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Amazon.com, Inc. (NASDAQ:AMZN) is flirting with a 0.7% lead at $334.72, with help from a bullish nod at Goldman Sachs and reports of a local marketplace launch on the horizon. However, the shares are running into a wall in the form of their 50-week moving average -- a former ally on the charts that's capped AMZN's rebound attempts in recent months -- and option traders are rolling the dice on limited short-term upside.
The equity's 30-day at-the-money implied volatility (IV) has jumped 3.4% to 28.3%, pointing to a growing demand for short-term contracts. While intraday call volume is running at close to twice the typical pace, some speculators are employing the contracts to place neutral-to-bearish bets on AMZN.
Specifically, the weekly 6/13 340-strike call is most popular, with about 7,100 contracts exchanged. The majority of the calls crossed on the bid side, IV has popped 3.1 percentage points, and volume trumps open interest at the strike -- collectively pointing to sell-to-open activity.
By writing the calls to open, the sellers expect AMZN to remain south of $340 through Friday's close, when the weekly options expire. In this best-case scenario, the calls will expire out of the money, and the sellers can retain the entire premium received at initiation. Losses, on the other hand, will begin to add up if AMZN topples the strike within the option's lifetime.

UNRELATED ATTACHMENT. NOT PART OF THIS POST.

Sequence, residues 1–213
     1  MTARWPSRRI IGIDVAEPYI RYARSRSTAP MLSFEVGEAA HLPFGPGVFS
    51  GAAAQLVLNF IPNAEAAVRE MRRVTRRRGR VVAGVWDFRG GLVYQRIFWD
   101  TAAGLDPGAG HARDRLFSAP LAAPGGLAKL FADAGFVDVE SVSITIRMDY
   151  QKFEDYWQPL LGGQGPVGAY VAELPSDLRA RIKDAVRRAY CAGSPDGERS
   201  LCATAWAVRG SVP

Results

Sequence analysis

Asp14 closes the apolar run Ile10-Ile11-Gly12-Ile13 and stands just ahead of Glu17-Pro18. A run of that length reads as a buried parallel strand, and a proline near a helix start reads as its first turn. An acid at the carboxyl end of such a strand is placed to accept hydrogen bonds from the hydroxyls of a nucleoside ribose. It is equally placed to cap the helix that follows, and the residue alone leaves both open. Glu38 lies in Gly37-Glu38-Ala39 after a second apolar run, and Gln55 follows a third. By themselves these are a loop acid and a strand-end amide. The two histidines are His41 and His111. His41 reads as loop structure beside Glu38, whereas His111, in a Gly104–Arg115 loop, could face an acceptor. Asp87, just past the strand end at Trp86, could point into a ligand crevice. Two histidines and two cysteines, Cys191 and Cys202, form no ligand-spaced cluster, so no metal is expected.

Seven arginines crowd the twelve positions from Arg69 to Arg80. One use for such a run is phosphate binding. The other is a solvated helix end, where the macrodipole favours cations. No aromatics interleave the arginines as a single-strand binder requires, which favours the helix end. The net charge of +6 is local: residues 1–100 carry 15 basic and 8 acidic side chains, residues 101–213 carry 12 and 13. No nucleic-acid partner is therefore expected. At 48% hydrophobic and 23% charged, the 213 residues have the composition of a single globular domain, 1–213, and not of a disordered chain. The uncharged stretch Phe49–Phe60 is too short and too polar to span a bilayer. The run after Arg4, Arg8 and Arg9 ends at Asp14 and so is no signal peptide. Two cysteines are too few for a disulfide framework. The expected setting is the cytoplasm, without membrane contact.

While today's option traders are utilizing calls to place a cap on AMZN's upward momentum, the stock is no stranger to "vanilla" option bulls. On the International Securities Exchange (ISE), Chicago Board Options Exchange (CBOE), and NASDAQ OMX PHLX (PHLX), the equity's 10-day call/put volume ratio rests at a 12-month peak of 2.17. In other words, option buyers have scooped up AMZN calls over puts at an annual-high clip during the past couple of weeks.
Elsewhere on Wall Street, today's upgrade from Goldman was par for the course for the shares. Despite underperforming the S&P 500 Index (SPX) by more than 15 percentage points during the past three months, AMZN boasts 26 "buy" or better endorsements, compared to four "holds" and not a single "sell" rating.
On the charts, AMZN has surrendered roughly 16% so far in 2014, and is struggling to muscle north of its aforementioned 50-week trendline. Off the charts, Amazon.com, Inc. (NASDAQ:AMZN) is turning the proverbial screws on Time Warner Inc (NYSE:TWX) amid contract negotiations. Should AMZN backpedal in the face of former support -- or cool off amid escalating competition from Alibaba Group -- a mass exodus of option bulls and/or a wave of negative analyst attention could exacerbate selling pressure on the e-commerce concern.